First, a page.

“Buckle up passengers, because we may be experiencing some slight turbulence within the next hour. It’s nothing to be worried about, but we’re just being safe.”

She groaned and buried her head in her hands. This flight was certainly not getting any shorter.


“Nipote! Ahh!” Both of Courtney’s cheeks were attacked with pinches and kisses. “Come on now.” Her grandmother gestured for her to follow. “All your cuginas are waiting. Ah. Mi manchi tanto!”

Courtney tried to figure out what she was saying, but she hadn’t been to Italy in over a year, and she was less than fluent in Italian. Of course, she knew that “Nipote” meant granddaughter, and “cuginas” meant cousins, but the last phrase that was spoken was more than a mystery to her.

She scanned the rest of the airport, and her eyes came to focus on the mother of the little girl. Allyson was sitting on a barstool that was much too high for her, and she was drinking out of a cup, swinging her legs back and forth, oblivious to her mother.

The mother was on the phone, probably with her husband or boyfriend, complaining about the flight. “No, they rerouted me! I know! So I won’t be home in time. I know that it’s important to your family, but I can’t control these things! I’ll call you when I finally get there. Okay. I lov…” The woman pulled the phone away from her ear slowly, and closed it.

“I have this boy I’d like you to meet…” Courtney had almost forgotten about her own grandmother, who had been rambling on for the past ten minutes. She had missed every single word, yet she caught the last sentence.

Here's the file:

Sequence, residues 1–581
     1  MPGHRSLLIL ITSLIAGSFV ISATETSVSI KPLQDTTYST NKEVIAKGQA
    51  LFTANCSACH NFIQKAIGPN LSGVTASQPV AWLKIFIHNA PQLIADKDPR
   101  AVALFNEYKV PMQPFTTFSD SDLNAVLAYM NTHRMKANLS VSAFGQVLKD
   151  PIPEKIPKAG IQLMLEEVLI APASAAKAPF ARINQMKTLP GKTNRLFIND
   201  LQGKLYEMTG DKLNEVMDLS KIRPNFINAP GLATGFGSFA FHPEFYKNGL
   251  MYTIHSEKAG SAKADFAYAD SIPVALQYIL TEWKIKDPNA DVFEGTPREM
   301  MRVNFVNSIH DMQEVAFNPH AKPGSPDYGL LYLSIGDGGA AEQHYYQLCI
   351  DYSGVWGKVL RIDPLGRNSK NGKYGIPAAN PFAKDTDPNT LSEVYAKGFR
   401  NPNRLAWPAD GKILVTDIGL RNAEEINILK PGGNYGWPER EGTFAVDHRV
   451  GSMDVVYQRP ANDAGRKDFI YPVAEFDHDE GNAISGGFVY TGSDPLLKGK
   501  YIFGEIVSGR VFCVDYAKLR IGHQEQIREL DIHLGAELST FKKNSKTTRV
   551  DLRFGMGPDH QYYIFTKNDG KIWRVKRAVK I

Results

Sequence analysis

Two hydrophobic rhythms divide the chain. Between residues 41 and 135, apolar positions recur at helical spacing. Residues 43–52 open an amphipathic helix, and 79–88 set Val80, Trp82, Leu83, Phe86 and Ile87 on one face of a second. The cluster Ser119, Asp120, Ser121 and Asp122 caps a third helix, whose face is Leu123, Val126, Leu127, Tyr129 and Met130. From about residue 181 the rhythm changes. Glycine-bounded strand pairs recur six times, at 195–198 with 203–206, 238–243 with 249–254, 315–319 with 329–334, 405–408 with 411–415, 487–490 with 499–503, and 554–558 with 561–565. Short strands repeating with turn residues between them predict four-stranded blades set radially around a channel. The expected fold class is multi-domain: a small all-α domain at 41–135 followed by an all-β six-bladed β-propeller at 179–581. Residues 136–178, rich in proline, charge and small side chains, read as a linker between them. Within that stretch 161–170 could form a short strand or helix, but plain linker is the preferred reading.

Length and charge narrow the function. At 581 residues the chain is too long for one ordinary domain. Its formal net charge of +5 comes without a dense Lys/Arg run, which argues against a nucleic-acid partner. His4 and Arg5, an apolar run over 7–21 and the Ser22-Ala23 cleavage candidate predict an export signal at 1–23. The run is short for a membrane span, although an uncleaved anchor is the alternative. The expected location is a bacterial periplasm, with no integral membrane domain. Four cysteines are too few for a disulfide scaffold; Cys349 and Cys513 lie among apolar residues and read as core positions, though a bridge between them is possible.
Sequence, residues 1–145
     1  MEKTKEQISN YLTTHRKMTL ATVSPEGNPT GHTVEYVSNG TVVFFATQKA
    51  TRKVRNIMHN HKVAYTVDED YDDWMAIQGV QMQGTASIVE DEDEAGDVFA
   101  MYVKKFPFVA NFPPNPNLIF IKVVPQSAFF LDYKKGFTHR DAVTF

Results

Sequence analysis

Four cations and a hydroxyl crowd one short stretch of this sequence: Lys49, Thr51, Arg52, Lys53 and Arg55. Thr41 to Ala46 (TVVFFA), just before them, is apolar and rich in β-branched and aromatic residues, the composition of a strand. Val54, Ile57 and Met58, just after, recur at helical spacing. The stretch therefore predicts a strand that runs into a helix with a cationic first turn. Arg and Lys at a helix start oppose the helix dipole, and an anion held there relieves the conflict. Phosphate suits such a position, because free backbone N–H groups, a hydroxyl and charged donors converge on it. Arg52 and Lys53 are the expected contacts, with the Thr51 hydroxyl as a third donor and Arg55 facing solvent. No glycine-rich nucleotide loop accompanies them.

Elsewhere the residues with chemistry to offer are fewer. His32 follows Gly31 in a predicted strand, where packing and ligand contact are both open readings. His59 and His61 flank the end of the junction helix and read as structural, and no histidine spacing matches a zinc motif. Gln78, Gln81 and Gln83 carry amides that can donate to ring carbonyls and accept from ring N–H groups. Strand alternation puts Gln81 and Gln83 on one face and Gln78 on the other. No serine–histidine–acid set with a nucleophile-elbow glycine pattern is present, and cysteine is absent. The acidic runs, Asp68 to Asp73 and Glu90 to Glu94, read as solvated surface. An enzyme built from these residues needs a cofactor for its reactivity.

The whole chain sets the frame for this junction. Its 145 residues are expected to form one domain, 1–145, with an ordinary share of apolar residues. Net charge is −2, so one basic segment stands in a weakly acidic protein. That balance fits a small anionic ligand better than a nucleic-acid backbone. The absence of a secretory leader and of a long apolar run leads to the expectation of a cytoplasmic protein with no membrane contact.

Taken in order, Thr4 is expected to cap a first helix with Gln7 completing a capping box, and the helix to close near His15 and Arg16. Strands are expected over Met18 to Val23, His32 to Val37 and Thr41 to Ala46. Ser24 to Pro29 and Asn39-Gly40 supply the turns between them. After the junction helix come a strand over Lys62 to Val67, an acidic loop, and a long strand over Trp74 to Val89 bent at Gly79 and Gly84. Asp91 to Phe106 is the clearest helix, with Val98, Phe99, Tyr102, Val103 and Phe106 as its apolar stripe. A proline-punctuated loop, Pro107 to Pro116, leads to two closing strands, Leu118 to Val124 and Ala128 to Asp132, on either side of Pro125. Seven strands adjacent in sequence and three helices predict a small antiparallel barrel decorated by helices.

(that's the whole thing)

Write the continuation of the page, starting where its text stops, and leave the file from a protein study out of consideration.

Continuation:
“A boy.”

Almost as if it were yesterday, Courtney vividly remembered the last time her grandmother tried to set her up with somebody. It had started out promising; he was supposedly rich and owned his own business. In the end, it turned out he was already married to a woman, and he was just looking for someone to put a curb on his lustful, albeit wrong, desires. From then on, she had promised herself never to fall for a boy that her grandma set her up with.

“Nonna, I thought we discussed this already.”

She placed a hand on Courtney’s shoulder and pushed her out of the airport. “No, no. This one is [i]different[/i]. You’ll see at dinner tonight.” An assured smile appeared on her face, forcing Courtney to display one as well.

“Alright, if you say so.”


When Courtney was seven years old, her mother took a trip around the world, but left her with her grandmother. That was the first time that she had ever been to Italy. It was like a fairytale to her, and pretty much everything about that first trip was all that it could be. Now that she was twenty-two years old, Italy was not exactly a dream come true. Right now, Courtney was looking out the window of her grandmother’s car, and she spotted a white bird.

“Nipote, are you okay?”

“Huh?” Courtney snapped out of her daydream to respond to her excited grandmother. She didn’t blame her for being excited; after all, it’s not everyday that you get to see your granddaughter that’s been living in America for fifteen years.

“I said,” she repeated, “are you okay?” Her forehead lines became more apparent and the corners of her wrinkled mouth turned down.

“Oh, no. I’m fine. I’m just remembering the last time I was here.”

Courtney felt her grandmother’s rough hand pat her thigh, and she turned her attention back to the road. She stared back out the window, looking for the white bird again. However, it had disappeared.